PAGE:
One issue called out in the letter:

Even more problematic is the treatment of prior authorization requirements in Medicare Advantage. On both page 6 and page 62, the Handbook attempts to paint this restriction on access to services as a benefit, rather than as what it is, a mandatory hurdle for Medicare Advantage members that is not required for individuals in Original Medicare. On page 62, the Handbook goes so far as to describe prior authorization as a “right” that people in Original Medicare “can’t get.” Describing a restriction as a “right” and then saying that people who are not subject to this restriction are disadvantaged twists the
facts beyond recognition.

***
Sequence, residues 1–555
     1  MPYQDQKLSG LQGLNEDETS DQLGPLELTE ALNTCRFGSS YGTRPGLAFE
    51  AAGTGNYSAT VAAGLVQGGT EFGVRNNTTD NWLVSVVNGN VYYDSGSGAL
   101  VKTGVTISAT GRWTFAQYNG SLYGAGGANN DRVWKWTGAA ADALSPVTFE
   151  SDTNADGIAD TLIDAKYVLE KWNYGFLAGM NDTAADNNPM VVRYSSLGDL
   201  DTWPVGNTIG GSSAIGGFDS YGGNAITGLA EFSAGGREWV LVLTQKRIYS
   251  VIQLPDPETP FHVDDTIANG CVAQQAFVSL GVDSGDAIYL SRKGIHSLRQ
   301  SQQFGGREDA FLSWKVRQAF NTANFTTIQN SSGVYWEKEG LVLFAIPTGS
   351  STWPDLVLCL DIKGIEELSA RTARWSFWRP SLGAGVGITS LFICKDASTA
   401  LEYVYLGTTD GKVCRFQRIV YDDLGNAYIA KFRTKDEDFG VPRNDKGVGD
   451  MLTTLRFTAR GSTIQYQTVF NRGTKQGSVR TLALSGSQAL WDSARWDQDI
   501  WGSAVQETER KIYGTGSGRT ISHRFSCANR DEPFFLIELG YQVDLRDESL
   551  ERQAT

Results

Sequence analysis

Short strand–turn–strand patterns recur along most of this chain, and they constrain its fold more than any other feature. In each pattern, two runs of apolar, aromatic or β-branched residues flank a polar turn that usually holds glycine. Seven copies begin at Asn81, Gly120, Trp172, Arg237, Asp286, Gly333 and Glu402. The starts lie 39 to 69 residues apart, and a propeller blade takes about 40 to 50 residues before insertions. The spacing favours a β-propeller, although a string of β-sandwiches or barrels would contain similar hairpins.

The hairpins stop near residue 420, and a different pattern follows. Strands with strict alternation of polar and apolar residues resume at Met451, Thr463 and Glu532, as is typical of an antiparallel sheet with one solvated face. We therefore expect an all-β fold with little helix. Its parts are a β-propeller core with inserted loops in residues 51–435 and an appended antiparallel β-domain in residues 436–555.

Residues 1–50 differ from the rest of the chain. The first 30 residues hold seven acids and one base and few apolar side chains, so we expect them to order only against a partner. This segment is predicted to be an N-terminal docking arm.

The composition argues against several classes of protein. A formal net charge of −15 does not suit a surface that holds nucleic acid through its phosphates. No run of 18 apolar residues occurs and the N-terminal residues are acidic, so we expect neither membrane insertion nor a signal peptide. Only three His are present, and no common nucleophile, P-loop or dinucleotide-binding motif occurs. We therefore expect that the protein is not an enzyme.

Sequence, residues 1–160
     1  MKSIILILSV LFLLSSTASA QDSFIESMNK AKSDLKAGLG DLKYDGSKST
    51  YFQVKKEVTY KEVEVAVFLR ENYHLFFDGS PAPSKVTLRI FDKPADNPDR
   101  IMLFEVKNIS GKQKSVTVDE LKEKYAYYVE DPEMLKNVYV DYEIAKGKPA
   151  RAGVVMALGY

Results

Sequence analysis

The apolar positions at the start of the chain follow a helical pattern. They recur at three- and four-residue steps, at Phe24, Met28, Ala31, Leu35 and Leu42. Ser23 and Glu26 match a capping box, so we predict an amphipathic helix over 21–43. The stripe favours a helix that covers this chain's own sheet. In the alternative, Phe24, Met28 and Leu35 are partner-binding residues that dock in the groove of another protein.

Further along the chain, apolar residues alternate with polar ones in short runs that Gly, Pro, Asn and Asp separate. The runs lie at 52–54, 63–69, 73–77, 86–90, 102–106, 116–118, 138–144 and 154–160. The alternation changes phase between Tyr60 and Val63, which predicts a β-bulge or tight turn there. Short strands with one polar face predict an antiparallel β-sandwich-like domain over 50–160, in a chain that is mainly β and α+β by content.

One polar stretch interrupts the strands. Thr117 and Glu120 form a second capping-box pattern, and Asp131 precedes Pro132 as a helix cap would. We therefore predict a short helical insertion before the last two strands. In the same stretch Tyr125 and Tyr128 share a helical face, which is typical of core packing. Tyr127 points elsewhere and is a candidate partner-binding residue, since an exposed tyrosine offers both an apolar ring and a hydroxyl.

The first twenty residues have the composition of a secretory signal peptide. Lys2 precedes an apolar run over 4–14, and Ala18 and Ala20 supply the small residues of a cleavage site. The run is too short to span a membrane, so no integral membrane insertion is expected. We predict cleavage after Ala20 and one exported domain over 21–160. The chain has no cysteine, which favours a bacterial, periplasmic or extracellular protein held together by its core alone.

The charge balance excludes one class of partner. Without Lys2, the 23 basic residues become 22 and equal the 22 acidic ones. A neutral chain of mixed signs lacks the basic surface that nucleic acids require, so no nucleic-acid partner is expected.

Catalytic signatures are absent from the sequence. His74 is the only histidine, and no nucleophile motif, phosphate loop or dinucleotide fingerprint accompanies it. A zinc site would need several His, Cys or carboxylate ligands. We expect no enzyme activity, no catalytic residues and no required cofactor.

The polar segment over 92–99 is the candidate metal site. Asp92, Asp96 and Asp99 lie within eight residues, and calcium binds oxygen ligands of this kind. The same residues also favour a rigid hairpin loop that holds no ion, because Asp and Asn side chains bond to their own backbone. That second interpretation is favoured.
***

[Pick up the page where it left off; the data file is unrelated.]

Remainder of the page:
Further, people in Original Medicare actually do have a right to receive a written notice prior to receiving care if the provider thinks the care will not be covered by Medicare (the Advanced Beneficiary Notice, or ABN). In our experience, beneficiaries find prior authorization to be an obstacle to accessing care. We doubt even the most aggressive plan agent or broker would try to convince a beneficiary that having to get a prior authorization is one of the benefits of joining a Medicare Advantage plan.